Eucalyptus 3.3 Brings Amazon Web Services Features To Private Clouds4:16 PM EST Mon. Apr. 29, 2013
Eucalyptus Systems, a private cloud infrastructure startup that has become a sort of open source satellite of Amazon Web Services, on Monday unveiled version 3.3 of its private cloud platform, its first major update since December.
Eucalyptus 3.3 adds new features that enable Eucalyptus on-premise private clouds to work better with Amazon's public cloud IaaS. One of these is auto-scaling, which lets developers set rules for when a cloud should expand on its own, for example when workloads reach a certain level of resource consumption.
Auto-scaling takes the guesswork out of building scalable Web services, Marten Mickos, CEO at Eucalyptus, Santa Barbara, Calif., said in an interview with CRN.
"When building a Web app, you don't know how much usage it will have at particular time and moment. This will let the app right-size itself to ensure great performance," he said.
Another new addition called elastic load balancing, which is also supported by AWS, ensures that all Eucalyptus instances using auto-scaling have a consistent level of application traffic. Also new in Eucalyptus 3.3 is CloudWatch, a monitoring and management service for private clouds similar to Amazon's CloudWatch service for AWS.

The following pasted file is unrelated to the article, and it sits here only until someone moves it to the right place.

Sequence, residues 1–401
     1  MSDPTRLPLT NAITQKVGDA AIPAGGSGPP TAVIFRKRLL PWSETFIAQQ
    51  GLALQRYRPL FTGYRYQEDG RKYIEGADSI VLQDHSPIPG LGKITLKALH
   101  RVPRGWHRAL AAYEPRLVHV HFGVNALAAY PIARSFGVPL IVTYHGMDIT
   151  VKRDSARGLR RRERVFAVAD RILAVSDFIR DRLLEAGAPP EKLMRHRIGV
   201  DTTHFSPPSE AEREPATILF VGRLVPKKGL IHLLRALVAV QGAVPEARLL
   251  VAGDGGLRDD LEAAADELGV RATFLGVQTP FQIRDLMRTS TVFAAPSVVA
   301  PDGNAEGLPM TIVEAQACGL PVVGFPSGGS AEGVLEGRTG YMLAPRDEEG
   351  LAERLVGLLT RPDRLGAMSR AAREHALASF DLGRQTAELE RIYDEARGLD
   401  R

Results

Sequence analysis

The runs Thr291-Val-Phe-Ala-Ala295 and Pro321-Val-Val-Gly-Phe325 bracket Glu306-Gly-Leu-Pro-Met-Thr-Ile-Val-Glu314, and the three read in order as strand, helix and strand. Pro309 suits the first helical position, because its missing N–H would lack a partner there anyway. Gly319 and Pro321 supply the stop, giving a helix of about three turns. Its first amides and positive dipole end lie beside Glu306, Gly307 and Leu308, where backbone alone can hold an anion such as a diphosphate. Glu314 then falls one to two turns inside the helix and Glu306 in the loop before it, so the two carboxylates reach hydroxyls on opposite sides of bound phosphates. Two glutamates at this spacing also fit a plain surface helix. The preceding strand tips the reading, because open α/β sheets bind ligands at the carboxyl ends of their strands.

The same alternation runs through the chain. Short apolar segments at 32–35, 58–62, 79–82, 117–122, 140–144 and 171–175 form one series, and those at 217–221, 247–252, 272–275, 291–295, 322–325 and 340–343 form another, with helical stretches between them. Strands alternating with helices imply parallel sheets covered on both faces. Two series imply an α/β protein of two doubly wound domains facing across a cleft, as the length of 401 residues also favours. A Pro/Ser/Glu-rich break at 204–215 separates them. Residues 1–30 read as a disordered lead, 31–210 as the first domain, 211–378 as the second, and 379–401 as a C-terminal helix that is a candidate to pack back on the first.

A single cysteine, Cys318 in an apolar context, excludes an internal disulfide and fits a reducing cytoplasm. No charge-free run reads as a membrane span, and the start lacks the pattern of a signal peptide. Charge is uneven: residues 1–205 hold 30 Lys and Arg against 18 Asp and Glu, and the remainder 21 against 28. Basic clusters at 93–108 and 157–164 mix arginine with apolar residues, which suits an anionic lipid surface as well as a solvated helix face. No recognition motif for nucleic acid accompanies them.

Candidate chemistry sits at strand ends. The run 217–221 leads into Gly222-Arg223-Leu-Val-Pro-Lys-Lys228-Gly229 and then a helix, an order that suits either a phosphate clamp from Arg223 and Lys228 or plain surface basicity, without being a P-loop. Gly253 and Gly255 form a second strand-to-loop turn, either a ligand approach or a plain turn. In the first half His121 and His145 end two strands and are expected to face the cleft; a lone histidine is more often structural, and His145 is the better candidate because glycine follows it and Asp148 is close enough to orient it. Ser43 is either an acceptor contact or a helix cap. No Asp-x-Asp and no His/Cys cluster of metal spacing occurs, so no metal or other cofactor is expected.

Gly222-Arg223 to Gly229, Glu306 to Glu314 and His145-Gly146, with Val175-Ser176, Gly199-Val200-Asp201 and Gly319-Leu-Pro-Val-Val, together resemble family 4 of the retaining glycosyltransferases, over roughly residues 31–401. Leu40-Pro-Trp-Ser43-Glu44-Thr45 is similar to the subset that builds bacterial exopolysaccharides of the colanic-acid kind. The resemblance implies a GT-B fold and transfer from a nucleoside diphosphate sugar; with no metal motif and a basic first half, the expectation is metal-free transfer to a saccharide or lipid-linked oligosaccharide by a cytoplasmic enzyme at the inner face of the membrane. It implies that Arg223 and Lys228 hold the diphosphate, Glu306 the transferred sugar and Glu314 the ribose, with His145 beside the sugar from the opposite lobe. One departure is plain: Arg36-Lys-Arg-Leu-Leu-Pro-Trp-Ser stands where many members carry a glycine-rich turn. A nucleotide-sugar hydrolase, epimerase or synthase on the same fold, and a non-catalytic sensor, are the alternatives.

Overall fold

Eucalyptus started out as a research project at the University Of California, Santa Barbara, the goal of which was to build Amazon-like features without working with Amazon. So the idea behind all the new additions to Eucalyptus 3.3 is to more closely mimic the look and feel of Amazon Web Services, Mickos said.
"We're making sure that the Eucalyptus user experience is the same as Amazon," Mickos said.
Mickos sees Eucalyptus' partnership with Amazon, formed last March as a way for Amazon to help Eucalyptus fine-tune its implementation of the AWS API, as a formidable competitive differentiator.
"We are the only provider of a private cloud platform that has a business relationship with Amazon," Mickos said.
Eucalyptus 3.3 also supports Netflix open source tools such as Chaos Monkey, Asgard and Edda, said Adrian Cockcroft, cloud architect at Netflix, in a statement. Eucalyptus 3.3 will be available in May and is priced at $2,500 per node per year.
Amazon's position has long been that the public cloud is enterprise-ready and that private clouds are over-hyped and unnecessary. But its partnership with Eucalyptus shows that Amazon does see a need for hybrid clouds, where workloads can be moved back and forth between the AWS public cloud and an organization's private cloud.
Hybrid cloud is fast becoming the hottest segment of the cloud market -- it's a central part of Microsoft's marketing for Windows Azure, and VMware is planning to unveil its vCloud Hybrid Service next month, which will include a public cloud component that it owns and operates.
PUBLISHED APRIL 29, 2013